Google slams Android 'virus threat'
San Francisco - Google has slammed an internet security firm's report that suggested malware and viruses placed users of the Android operating system at risk.
Internet security firm McAfee warned on Monday of a growing risk of malware and viruses targeting users of smartphones running on Google's Android operating system.
Chris DiBona, open source program manager for Google, downplayed the report as a self-serving strategy by security companies to scare people into buying their products.
"No major cellphone has a 'virus' problem in the traditional sense that windows and some Mac machines have seen. There have been some little things, but they haven't gotten very far," DiBona wrote in a blog posting.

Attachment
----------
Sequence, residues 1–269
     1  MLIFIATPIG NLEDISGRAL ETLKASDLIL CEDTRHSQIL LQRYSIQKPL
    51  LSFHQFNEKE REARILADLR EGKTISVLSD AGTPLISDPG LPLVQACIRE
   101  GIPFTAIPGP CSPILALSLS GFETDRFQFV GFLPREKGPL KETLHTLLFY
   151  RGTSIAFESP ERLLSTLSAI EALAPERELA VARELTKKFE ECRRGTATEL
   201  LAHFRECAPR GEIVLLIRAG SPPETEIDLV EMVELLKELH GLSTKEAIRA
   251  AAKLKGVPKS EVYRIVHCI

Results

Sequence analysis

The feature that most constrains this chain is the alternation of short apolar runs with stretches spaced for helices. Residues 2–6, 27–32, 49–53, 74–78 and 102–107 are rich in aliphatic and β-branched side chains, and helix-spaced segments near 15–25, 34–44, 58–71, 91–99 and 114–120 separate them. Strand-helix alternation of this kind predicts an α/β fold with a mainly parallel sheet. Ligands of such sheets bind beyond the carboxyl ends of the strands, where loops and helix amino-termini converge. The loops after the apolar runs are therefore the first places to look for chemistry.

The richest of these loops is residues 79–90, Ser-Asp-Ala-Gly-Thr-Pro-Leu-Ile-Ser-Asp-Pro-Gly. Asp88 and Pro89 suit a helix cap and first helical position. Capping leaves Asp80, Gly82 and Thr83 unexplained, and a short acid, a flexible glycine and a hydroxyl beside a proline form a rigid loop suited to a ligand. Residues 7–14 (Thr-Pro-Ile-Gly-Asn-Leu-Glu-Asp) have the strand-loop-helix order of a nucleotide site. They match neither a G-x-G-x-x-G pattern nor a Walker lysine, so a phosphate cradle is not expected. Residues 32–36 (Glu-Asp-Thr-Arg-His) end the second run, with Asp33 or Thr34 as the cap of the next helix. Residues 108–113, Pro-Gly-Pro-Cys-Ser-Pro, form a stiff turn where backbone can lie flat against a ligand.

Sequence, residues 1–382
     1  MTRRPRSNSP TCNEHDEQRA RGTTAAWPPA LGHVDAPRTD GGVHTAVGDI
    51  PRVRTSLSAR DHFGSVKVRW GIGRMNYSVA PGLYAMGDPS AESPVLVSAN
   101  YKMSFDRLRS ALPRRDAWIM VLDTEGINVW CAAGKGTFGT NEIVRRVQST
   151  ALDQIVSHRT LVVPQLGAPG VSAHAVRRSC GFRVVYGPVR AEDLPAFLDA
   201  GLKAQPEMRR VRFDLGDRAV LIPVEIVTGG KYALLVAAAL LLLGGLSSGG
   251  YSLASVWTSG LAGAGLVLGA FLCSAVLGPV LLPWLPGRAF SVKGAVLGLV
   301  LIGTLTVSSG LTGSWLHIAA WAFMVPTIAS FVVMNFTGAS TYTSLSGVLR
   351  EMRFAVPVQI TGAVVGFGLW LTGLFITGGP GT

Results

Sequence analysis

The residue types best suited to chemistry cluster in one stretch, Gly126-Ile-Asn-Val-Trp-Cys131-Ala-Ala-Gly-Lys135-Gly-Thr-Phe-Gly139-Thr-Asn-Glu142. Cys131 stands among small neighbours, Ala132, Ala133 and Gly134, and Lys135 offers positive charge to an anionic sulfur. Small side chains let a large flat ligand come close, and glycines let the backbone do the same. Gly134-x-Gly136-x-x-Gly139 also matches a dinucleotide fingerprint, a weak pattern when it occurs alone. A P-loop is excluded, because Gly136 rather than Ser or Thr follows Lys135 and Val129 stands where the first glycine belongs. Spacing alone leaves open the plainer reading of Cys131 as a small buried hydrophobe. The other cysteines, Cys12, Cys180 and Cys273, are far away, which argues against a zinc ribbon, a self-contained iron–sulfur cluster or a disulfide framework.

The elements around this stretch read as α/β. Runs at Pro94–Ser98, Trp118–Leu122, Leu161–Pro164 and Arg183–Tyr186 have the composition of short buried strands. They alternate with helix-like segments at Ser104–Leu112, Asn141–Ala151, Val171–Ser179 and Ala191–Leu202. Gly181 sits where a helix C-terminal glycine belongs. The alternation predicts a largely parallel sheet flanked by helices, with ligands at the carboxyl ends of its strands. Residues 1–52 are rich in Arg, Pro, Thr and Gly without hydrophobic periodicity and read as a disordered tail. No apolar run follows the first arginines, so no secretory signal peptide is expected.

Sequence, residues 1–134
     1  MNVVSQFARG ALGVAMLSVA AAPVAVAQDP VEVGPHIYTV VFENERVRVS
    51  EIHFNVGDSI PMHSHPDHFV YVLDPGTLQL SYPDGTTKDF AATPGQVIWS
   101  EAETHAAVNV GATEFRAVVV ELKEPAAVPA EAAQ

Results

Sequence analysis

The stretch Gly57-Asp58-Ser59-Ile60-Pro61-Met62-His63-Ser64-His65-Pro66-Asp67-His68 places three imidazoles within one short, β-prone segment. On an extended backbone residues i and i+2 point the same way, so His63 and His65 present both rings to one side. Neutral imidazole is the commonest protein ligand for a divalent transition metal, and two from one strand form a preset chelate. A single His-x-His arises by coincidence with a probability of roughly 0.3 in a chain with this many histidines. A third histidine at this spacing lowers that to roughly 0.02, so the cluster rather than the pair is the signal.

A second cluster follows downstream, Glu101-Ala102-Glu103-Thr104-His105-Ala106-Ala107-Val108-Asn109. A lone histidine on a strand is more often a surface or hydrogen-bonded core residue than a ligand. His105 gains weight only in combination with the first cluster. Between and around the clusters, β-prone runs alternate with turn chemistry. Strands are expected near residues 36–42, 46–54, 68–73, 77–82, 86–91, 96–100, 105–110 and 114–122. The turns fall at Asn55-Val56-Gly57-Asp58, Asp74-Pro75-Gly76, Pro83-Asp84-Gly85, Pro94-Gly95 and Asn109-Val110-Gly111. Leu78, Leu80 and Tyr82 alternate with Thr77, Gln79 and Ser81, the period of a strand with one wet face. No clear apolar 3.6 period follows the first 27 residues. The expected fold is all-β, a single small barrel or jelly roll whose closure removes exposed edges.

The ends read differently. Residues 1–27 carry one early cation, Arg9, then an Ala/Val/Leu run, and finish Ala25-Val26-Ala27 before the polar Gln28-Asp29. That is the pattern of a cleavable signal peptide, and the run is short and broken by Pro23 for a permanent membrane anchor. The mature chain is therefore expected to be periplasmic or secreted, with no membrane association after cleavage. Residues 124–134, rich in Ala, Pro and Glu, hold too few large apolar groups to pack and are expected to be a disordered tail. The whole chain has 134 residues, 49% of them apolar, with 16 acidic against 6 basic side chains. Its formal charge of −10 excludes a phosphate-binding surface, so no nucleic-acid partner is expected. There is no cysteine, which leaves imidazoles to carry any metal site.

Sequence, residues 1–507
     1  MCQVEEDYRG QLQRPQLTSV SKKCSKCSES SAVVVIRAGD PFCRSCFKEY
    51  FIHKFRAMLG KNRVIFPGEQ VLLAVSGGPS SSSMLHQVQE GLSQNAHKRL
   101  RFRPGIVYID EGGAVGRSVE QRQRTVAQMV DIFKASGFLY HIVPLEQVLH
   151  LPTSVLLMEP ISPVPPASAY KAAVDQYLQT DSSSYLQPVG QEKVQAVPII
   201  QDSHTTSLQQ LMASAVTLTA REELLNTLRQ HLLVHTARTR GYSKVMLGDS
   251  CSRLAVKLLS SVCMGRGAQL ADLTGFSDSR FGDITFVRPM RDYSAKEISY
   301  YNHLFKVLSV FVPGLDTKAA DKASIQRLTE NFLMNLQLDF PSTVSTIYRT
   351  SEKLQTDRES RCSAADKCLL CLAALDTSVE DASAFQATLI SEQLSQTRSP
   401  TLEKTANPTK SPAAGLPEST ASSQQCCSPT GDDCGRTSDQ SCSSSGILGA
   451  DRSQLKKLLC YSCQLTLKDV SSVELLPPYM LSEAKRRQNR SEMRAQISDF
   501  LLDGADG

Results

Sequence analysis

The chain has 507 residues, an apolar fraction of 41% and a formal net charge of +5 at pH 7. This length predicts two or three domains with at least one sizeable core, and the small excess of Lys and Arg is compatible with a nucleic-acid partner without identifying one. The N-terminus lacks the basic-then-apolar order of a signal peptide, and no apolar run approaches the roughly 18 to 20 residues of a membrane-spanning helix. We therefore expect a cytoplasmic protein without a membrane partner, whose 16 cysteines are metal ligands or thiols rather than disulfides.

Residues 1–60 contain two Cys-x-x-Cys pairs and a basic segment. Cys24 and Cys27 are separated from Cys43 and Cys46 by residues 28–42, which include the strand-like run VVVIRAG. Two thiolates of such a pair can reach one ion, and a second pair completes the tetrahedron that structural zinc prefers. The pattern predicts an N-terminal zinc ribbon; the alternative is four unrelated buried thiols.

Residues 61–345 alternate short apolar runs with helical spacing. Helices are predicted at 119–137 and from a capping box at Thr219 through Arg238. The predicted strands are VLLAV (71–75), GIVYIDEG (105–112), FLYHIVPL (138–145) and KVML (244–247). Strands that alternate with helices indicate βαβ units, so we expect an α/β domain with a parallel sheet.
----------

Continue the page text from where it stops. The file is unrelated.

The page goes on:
The warning came just days after Google announced that over 200 million Android devices had now been activated, and as new studies showed that Android devices now account for more than 50% of all smartphones sold worldwide, according to market research firm Gartner.
McAfee said it had logged a 37% increase in Android malware since July, and added that all the new malware it had catalogued was targeted at Google's mobile operating system.
McAfee said the authors of the damaging software were aided in their efforts by the open nature of the Android operating system, which allows anyone who buys a $25 developers' licence to post software for download on the Android Market.
This contrasts sharply with Apple's model, in which every proposed app is closely vetted by the company before it is made available on the App Store.
"Yes, virus companies are playing on your fears to try to sell you bs protection software for Android, RIM and iOS. They are charlatans and scammers," wrote DiBona.